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No more likely to crossbreed than any other two Lepomis species, i.e. it doesn't happen very often. GSFxRES crosses should grown bigger than pure Greenies do.


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Theo, Theo, Theo, sometimes you have such a cruel, dry sense of humor. \:D


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Adding RES to the GSF pond is appealing becuase for one thing it's a bigger fish. The snail control is nice too.

Would it take much effort to control RES numbers in a Greenie pond? They seem a little more difficult to cull by fishing than GSF.

How would they do in a pond that only averaged 4 feet deep and was very warm? I'm referring to Mr. H's pond which may vary from 10 ft to 5ft at full pool depending on the weather pattern.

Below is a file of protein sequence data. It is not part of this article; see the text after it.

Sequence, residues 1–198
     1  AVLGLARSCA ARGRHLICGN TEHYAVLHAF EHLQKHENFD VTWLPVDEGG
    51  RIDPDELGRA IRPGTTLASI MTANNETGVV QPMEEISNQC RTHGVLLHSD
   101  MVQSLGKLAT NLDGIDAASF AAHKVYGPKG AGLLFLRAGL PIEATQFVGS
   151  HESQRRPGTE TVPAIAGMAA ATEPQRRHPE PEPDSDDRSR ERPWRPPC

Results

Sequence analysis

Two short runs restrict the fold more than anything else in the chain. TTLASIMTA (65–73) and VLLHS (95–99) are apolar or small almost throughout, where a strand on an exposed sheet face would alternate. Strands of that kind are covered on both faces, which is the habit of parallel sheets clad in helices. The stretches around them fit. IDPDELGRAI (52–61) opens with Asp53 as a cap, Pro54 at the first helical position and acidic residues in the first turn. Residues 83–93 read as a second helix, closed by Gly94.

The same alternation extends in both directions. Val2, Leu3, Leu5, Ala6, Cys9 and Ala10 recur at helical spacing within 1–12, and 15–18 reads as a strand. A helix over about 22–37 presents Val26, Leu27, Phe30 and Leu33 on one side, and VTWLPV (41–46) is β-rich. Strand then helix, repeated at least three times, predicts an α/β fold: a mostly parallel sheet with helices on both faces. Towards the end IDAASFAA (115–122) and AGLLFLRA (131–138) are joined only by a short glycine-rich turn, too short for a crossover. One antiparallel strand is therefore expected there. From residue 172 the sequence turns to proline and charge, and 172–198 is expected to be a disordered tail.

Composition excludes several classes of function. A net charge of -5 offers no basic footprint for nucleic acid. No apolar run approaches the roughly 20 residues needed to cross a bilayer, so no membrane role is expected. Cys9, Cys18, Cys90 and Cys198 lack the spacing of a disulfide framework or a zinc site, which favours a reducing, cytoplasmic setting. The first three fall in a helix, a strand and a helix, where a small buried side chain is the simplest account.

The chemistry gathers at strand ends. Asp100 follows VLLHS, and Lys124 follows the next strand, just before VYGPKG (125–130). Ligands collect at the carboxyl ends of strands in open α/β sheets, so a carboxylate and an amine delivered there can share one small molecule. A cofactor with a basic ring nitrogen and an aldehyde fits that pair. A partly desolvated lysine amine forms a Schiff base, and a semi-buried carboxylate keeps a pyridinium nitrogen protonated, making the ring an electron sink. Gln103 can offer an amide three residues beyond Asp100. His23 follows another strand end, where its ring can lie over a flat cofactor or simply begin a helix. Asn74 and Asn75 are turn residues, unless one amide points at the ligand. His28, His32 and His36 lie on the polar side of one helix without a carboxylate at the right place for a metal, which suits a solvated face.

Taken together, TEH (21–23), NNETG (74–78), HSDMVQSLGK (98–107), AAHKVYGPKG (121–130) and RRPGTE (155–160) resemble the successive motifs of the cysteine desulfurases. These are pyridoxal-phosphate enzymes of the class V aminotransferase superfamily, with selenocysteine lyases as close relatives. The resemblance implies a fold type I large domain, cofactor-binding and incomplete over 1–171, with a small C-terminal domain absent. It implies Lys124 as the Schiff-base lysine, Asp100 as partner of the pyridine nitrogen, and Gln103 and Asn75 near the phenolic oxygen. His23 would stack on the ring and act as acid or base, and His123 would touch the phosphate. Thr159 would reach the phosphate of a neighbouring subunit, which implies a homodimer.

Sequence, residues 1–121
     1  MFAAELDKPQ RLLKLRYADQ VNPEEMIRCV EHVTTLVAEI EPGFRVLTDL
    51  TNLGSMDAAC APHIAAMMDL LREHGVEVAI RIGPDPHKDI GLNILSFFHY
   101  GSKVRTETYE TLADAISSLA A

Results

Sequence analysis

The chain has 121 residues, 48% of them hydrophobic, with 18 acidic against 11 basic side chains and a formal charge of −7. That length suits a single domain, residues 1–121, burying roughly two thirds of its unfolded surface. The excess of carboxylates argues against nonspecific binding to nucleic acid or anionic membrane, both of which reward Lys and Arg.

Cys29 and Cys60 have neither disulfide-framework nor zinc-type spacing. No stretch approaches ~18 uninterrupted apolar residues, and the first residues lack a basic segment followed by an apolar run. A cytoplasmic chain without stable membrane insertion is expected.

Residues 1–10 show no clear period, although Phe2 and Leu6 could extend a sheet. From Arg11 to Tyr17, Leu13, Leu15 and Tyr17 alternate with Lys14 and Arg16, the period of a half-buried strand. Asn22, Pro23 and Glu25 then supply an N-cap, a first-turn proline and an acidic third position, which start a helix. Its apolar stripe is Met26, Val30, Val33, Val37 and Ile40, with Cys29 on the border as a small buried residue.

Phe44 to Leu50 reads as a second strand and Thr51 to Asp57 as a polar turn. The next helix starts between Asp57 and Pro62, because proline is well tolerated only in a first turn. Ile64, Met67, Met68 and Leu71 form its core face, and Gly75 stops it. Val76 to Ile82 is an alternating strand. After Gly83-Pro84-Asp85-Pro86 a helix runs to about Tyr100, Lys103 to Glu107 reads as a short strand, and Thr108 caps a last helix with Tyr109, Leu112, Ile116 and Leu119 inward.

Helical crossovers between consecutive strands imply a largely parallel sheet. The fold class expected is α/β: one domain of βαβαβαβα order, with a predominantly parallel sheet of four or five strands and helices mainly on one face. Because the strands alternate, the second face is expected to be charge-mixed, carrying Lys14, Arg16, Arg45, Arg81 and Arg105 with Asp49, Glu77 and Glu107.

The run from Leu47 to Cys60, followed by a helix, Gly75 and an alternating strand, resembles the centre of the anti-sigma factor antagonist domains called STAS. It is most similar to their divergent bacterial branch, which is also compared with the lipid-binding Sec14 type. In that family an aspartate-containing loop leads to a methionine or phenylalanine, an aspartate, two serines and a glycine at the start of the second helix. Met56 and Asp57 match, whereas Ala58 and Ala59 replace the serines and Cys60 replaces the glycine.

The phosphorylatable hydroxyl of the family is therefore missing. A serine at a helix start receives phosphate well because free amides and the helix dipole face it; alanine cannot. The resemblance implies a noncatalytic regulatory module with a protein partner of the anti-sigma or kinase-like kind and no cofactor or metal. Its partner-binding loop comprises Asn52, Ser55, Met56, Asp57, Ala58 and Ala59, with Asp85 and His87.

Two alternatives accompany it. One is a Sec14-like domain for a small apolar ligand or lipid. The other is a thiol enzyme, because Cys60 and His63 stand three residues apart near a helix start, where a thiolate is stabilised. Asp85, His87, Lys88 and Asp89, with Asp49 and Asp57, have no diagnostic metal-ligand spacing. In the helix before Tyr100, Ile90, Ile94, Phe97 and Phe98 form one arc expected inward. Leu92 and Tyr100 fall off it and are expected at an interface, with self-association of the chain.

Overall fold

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RES are the only sunfish NOT reported to overpopulate. I don't think they'll overrun the GSF.


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I would think that you would be fine with a RES and GSF mix. Heck I mixed RES, GSF and BG. Of course time will tell if I created toxic sunfish soup. \:D

When I added the additional sunfish (RES and BG) I expressed concerns about cross hybridization and was told the same thing that Theo just told you. Some hybridization could occur but it shouldn't really be an issue. On the other had Shorty mentioned a pond or lake in which quite a bit of hybridization occurred so I don't know.

I added RES for the same reason you are considering it - snail patrol.